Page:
In 2016 a tweaked version of the musical was produced by The Production Company, and staged at the Playhouse of Arts Centre Melbourne from 12 to 4 November 4 December. The cast starred Amy Lehpamer as Dusty, Baylie Carson as Young Dusty, Todd McKenney as Rodney, Virginia Gay as Peg, Tyler Coppin and Anne Wood as Dusty's parents, and Elenoa Rokobaro as Reno.[7][8] The production then transferred to Adelaide, where it was staged at the Adelaide Festival Centre from 31 December 2016 to 22 January 2017. Chloe Zuel replaced Elenoa Rokobaro as Reno during the Adelaide run.[9]


The original production of Dusty was nominated for seven[10] 2006 Helpmann Awards, including two nominations in the "Best Female Actor in a Supporting Role in a Musical" category, and won four:[11]

  • Best Musical
  • Best Direction of a Musical (Stuart Maunder)
  • Best Musical Direction of a Musical (Stephen 'Spud' Murphy – winner)
  • Best Sound Design (Michael Waters – winner)
  • Best Choreography in a Musical (Ross Coleman – winner)
  • Best Female Actor in a Musical (Tamsin Carroll – winner)
  • Best Female Actor in a Supporting Role in a Musical (Deni Hines and Alexis Fishman)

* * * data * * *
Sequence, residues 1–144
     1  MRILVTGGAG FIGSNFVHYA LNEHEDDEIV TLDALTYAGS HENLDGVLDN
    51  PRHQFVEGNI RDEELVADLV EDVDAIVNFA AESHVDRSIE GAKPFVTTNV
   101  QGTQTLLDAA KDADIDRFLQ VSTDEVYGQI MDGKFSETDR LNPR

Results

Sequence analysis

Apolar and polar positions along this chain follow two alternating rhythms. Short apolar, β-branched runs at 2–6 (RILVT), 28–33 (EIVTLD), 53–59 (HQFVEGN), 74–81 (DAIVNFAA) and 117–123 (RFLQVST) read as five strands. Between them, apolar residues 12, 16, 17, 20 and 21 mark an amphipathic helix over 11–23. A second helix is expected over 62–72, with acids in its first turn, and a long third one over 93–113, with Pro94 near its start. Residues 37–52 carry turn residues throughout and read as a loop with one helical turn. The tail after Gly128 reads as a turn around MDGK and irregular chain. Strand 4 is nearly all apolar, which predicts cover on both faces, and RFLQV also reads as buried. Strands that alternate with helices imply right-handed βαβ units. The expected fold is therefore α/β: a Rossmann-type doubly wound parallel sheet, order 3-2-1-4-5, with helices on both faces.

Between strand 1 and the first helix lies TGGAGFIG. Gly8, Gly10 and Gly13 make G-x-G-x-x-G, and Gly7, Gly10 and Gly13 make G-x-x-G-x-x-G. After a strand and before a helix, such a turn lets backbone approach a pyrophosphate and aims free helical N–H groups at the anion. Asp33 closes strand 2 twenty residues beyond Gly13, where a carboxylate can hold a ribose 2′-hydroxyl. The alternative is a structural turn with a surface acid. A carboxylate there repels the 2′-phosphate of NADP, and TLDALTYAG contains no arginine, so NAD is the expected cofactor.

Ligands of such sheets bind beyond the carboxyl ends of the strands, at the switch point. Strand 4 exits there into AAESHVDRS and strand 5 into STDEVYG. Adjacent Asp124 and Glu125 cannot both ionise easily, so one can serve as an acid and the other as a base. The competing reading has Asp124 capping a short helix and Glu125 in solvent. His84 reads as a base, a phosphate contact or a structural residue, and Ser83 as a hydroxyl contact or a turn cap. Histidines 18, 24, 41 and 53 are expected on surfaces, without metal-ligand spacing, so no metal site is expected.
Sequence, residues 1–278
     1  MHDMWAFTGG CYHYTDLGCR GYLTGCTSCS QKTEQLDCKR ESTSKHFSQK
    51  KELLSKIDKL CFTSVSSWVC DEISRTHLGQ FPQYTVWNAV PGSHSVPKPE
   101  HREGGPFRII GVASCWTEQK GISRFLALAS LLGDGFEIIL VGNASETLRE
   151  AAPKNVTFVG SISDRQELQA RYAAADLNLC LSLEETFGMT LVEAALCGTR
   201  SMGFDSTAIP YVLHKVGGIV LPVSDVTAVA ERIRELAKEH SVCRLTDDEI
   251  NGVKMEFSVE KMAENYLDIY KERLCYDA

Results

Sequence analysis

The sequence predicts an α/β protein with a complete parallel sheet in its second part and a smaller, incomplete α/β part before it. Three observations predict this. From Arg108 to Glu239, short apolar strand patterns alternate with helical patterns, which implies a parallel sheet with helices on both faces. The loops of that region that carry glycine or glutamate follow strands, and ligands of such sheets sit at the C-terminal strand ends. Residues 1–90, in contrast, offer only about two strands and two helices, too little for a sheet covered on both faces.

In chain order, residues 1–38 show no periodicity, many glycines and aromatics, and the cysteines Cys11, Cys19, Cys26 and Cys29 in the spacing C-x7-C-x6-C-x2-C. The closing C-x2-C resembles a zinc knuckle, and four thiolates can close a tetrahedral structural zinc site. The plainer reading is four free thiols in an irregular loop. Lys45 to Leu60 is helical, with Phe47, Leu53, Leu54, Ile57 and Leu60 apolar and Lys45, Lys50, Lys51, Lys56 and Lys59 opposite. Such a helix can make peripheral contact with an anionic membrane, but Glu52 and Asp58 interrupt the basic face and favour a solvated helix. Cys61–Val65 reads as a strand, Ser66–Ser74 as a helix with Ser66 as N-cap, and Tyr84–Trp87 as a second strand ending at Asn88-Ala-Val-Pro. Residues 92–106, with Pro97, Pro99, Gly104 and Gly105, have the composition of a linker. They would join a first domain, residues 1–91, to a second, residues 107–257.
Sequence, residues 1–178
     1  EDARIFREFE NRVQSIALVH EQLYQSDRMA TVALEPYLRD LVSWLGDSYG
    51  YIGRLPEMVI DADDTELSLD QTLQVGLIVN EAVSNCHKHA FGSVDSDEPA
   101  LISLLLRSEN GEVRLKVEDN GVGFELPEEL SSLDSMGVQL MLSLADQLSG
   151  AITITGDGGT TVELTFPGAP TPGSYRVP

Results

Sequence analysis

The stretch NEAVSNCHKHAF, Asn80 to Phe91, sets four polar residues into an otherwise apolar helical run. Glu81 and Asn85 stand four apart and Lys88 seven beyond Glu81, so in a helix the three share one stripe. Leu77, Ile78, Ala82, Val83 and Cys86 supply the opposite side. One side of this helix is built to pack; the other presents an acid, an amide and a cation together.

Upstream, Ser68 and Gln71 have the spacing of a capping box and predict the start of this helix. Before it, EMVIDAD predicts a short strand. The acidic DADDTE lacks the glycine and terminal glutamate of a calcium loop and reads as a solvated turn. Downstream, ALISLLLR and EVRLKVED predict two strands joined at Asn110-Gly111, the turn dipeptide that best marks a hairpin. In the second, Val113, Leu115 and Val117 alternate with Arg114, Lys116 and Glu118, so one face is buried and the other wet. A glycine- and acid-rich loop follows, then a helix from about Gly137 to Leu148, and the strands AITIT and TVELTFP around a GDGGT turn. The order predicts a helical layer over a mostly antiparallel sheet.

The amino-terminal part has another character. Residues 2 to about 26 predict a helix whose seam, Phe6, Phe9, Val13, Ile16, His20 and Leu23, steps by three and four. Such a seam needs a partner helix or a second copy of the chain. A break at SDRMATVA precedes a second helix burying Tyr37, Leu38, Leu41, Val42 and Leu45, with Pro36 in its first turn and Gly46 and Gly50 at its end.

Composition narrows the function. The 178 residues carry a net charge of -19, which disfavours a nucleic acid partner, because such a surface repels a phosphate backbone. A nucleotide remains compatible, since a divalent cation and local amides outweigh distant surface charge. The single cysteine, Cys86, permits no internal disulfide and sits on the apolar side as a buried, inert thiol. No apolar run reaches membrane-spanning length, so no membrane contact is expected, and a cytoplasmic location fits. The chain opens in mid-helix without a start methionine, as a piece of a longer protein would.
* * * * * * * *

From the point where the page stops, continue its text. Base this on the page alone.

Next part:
The original production did not release a full cast album, just a four-track CD that was only available at the theatre. A compilation CD of 24 Dusty Springfield songs was also issued bearing the logo of the musical in 2006, reaching number 71 on the Australian ARIA Albums Chart.[12]


  1. ^ Dusty – The Original Pop Diva souvenir programme
  2. ^ "The painful transformation of Dusty Springfield". Provincetownbanner.com. Retrieved 15 February 2008.
  3. ^ "Dusty Springfield:Dusty Devotedly". Simonbell.com. Retrieved 15 February 2008.
  4. ^ Rooney, David (21 November 2012). "Forever Dusty at New World Stages". The New York Times. Retrieved 19 July 2017.
  5. ^ "Dusty The Musical website". Dustythemusical.com. Retrieved 15 February 2008.
  6. ^ "Dusty". Dunedin Operatic Society. Archived from the original on 13 February 2010. Retrieved 22 February 2010.
  7. ^ Simmonds, Diana (29 November 2016). "Dusty: The Musical". Stage Noise. Retrieved 23 February 2020.
  8. ^ Bloom, Heather (16 November 2016). "Dusty the Musical | The Production Company". AustralianStage. Retrieved 29 May 2018.
  9. ^ Davenport, Stephen (1 January 2017). "Dusty the Musical | The Production Company". AustralianStage. Retrieved 29 May 2018.
  10. ^ "Helpmann Awards Nominees Year:2006 Categories:Musicals". Helpmannawards.com.au. Archived from the original on 12 June 2011. Retrieved 15 February 2008.
  11. ^ "Helpmann Awards Winners Year:2006". Helpmannawards.com.au. Archived from the original on 15 July 2007. Retrieved 15 February 2008.
  12. ^ Ryan, Gavin (2011). Australia's Music Charts 1988–2010 (PDF ed.). Mt Martha, Victoria, Australia: Moonlight Publishing. p. 264.